Pertussis, also called "Whooping cough," is a disease caused by bacteria. Pertussis is usually mild in older children and adults, but it often causes serious problems in babies.
Pertussis is most common among babies, but anyone can get it. Pertussis can be hard to diagnose in babies, teens, and adults because their symptoms often look like a cold with a nagging cough. Babies often get pertussis from older children or adults.
Pertussis begins like a cold, with a runny nose, sneezing, mild fever, and cough that slowly gets worse. After one to two weeks, the cough gets worse and usually starts to occur in strong "coughing fits." This type of coughing may last for six or more weeks. There is generally no fever during this time. In young children, coughing fits are often followed by a whooping sound as they try to catch their breath. After coughing, a person may have difficulty catching their breath, vomit, or become blue in the face from lack of air. The coughing spells may be so bad that it is hard for babies to eat, drink, or breathe. The cough is often worse at night, and cough medicines usually do not help reduce the cough. Between coughing spells, the person often appears to be well. Some babies may have apnea (failure to breathe) and can die from this. Adults, teens, and vaccinated children often have milder symptoms that mimic bronchitis or asthma.
The pertussis bacteria live in the nose, mouth, and throat, and are sprayed into the air when an infected person sneezes, coughs, or talks. Other people nearby can then inhale the bacteria. Touching a tissue or sharing a cup used by someone with pertussis can also spread the disease. The first symptoms usually appear within 5 days to 21 days after a person is infected.
It can be, especially for babies. Pertussis can cause breathing problems (apnea), pneumonia, and swelling of the brain (encephalopathy). Swelling of the brain can lead to seizures and brain damage. Pertussis can also cause death (rarely), especially in babies.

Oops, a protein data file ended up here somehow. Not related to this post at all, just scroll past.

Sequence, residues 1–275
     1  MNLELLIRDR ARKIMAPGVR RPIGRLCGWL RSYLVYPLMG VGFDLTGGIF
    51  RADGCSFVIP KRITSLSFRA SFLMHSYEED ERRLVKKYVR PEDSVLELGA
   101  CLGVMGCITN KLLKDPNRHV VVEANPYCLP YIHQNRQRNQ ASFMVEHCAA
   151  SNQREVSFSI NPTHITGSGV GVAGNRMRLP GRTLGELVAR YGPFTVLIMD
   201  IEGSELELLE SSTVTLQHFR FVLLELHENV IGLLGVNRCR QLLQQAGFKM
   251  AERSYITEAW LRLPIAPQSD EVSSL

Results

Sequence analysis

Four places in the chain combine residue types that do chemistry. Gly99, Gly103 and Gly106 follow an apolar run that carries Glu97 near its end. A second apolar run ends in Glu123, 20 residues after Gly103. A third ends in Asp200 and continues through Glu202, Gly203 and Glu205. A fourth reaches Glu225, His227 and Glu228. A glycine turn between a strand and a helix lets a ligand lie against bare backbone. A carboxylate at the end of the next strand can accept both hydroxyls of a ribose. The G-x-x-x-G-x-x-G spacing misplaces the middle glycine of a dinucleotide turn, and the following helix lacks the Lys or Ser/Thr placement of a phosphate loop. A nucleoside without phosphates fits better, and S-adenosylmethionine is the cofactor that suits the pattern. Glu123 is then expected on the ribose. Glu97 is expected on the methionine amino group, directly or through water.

A doctor may diagnose a patient with pertussis because of their symptoms. To confirm the diagnosis, the doctor will swab the back of the nose for laboratory testing. It is important to remember laboratory tests may be negative even if a patient has pertussis.
Antibiotics are used to treat the infected person and their close contacts. In addition, it is helpful to get plenty of rest and fluids. Persons hospitalized with severe pertussis may need special treatments to help them through prolonged periods of coughing.
Yes, pertussis can be prevented among household members and others in close contact with an infected person. The exposed persons can be treated with antibiotics, even if they have been vaccinated. Vaccination of children and adults can also prevent pertussis. The pertussis vaccine is given along with diphtheria and tetanus vaccines in the same shot (called DTaP) for children. DTaP cannot be given to babies less than six weeks old or anyone seven years of age or older.
Experts recommend that all babies and children be given a full series of DTaP vaccines unless there is a medical reason not to receive the vaccine. Vaccination is a series of five doses recommended at 2, 4, 6, and 15 to 18 months old, with an additional shot at four to six years old. The 4th dose of DTaP may be given as early as 12 months, provided 6 months have elapsed since the third dose of DTaP. Vaccination against pertussis is also recommended for older children and adults.
Because vaccine protection begins to fade in older children and adults, a new vaccine (called Tdap) has been developed against pertussis for these age groups. To protect babies from being exposed to pertussis, families who have or are expecting a baby and people who work with babies should consult with their doctor about receiving this vaccine. Most hospitalizations and deaths occur in children younger than three months of age. When possible, babies should be kept away from people who are coughing. Babies with any coughing should be seen by a doctor.
Yes, it is safe for most people. Though there is a very slight risk of problems caused by the vaccine, pertussis is extremely serious. Pertussis causes about 10 deaths to 20 deaths each year in the United States. That is why experts recommend that all babies and children be given a full series of DTaP vaccine unless there is a medical reason not to receive the vaccine.
Call your doctor, nurse, local health department, or the Texas Department of State Health Services, Immunization Branch at 800-252-9152.
Disease Surveillance and Epidemiology Section
Mail Code: 3082
P. O. Box 149347
Austin , TX 78714-9347
Disease Surveillance and Epidemiology Section
Moreton Building, Suite M-631
1100 West 49th Street
Austin , TX 78756-3199